[dropcap size=small]E[/dropcap]ventually, she lets go.
No matter how many times you watch that scene, hoping that she keeps her word – maybe even scoots over to make some room on that darn plank- the inevitable happens: Rose lets go of Jack’s hand, his prepubescent body sinks into the abyss, and all that’s left behind is a lousy necklace and a Celine Dion song, destined to haunt the airwaves and reality-show singing competitions for generations to come.
And no matter how many times you read Hovannes Tumanyan’s Akhtamar, the courageous young man, who each night secretly swims across the waters of Lake Van to be with his lover, Tamar, eventually drowns.
The tragedy would be overwhelming were it not for the love they shared on those other forbidden nights, when they held their bodies close as the waves crashed against the shores of the famed island.
Turn the lights down low, pour yourself a glass, grab that special someone (or that profile picture you copy-and-saved from their Facebook page), and let’s take a brief stroll through romance in Armenian literature.
* * *
They seem to be whispering softly…
And the stars from the sky vault
Glance down with slanderous eyes
At the immodest, shameless Tamar…
As much as the couple was set ablaze by the intensity of their love, like all great love stories – Romeo & Juliet, Zack Morris & Kelly Kapowski (the high school years) – their time was brief.
One night, as the valiant lover is swimming toward his sweetheart, mischievous men extinguish his guiding light, sabotaging the amorous journey. Tamar, who had always lit the flame to guide her beaux safely into her arms, stood helpless as the dark waters and unforgiving winds claimed her beloved.
The agitated waters of mourn,
Threw the body on to the shore,
At his cold and stiffened lips,
As if at the moment of death,
Two words had remained frozen:
* * *
Love in all its glorious forms can tear you to pieces and mend you back up again. Unless, you’re King Ara the Beautiful. Then all of the licking in the world, from the pantheon of pagan gods can’t put you back together again.
If you’re into rom-coms, you might not like this grand tale of lust and war. It’s like an epic Fatal Attraction, except Michael Douglas’ character stays faithful and doesn’t live long enough to marry Catherine Zeta-Jones (it could’ve been us Zeta-Jones, could’ve been us!).
According to the History of the Armenians by historian Movses Khorenatsi, the Assyrian Queen Semiramis had a little crush on the Armenian king, Ara, a.k.a. the-handsomest-lad-in-the-land. Calling it a crush seems an understatement when considering that she hungered and lusted for him day and night – before ever actually seeing his face.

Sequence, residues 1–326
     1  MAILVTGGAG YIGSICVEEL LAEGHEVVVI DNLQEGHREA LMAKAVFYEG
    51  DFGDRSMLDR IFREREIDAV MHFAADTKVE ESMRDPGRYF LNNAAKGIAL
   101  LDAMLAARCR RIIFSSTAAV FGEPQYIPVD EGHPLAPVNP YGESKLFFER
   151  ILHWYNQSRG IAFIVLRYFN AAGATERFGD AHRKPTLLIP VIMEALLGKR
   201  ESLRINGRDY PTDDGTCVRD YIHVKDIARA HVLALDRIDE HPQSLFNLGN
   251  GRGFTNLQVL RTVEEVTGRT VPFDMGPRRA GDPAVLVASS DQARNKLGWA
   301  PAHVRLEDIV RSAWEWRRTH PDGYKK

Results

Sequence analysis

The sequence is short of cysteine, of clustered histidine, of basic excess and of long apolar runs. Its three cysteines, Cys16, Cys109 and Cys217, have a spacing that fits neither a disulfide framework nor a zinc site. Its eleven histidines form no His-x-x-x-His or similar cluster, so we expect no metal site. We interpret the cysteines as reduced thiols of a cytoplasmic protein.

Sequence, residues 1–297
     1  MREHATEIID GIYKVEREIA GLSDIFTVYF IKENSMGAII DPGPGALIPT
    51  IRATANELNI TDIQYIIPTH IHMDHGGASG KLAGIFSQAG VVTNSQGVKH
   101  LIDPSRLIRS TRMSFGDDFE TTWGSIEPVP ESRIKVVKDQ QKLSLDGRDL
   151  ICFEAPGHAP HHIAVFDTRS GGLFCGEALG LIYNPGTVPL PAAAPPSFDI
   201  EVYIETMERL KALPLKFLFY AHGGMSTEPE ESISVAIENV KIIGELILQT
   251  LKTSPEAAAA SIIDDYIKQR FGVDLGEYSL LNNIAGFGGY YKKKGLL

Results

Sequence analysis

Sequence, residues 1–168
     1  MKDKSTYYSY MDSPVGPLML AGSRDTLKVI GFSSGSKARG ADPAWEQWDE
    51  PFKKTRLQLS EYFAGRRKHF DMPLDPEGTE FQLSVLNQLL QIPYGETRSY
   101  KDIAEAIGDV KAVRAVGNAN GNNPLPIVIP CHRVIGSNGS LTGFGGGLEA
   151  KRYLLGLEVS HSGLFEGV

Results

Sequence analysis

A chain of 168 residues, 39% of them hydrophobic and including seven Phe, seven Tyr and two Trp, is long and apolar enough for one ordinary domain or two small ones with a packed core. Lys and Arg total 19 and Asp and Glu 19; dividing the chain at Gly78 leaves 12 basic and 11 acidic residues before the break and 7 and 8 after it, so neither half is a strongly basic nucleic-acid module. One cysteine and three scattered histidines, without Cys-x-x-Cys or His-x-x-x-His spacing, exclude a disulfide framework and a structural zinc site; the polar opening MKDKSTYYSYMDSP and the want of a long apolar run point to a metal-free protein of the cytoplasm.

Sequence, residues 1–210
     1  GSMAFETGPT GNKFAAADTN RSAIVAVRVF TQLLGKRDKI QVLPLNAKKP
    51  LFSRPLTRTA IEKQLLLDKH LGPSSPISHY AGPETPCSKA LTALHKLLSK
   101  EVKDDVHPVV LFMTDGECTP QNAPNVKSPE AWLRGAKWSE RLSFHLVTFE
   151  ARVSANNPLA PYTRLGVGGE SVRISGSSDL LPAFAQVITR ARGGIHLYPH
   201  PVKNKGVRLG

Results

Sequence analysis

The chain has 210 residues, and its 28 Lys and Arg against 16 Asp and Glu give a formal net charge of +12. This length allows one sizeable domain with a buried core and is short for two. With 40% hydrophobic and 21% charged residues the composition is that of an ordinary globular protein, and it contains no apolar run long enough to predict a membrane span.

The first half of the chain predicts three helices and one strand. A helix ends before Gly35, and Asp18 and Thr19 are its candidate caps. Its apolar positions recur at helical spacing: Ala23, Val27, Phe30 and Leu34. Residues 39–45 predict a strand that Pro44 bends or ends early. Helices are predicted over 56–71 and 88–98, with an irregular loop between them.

Having heard speak for many years of the beauty of Ara, she wished to possess him; … she discovered her passion freely, and sent messengers to Ara the Beautiful with gifts and offerings, with many prayers and promises of riches; begging him to come to her to Nineveh and either wed her and reign over all…or fulfill her desires and return in peace to Armenia, with many gifts.
An open invitation to the insatiable queen’s bed, along with the keys to her kingdom tucked underneath her pillow– well, lesser men would have gladly taken that deal. But the sought-after king was not interested. Ara, already married, stood steadfast and devoted to his wife Nvard, consistently refusing the queen’s advances.
Semiramis, also married, didn’t really give a hoot. The heart wants what the heart wants, and her heart wanted what her eyes had never seen. So she did what any person in love would do: she became incensed and, perhaps giving the word its romantic connotation, sent her army to crush Armenia and bring Ara back to her.
But, as she had beforehand declared, it was not so much to kill him and persecute him that she went, as to subdue him and bring him by force to fulfill the desires of her passion.
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Great job Ara. I read your work from Yerevan Magazine – glad to see you haven’t lost your edge! Well written all around – quite informative. It made me look up Nahapet Kuchak – never heard of him before this article.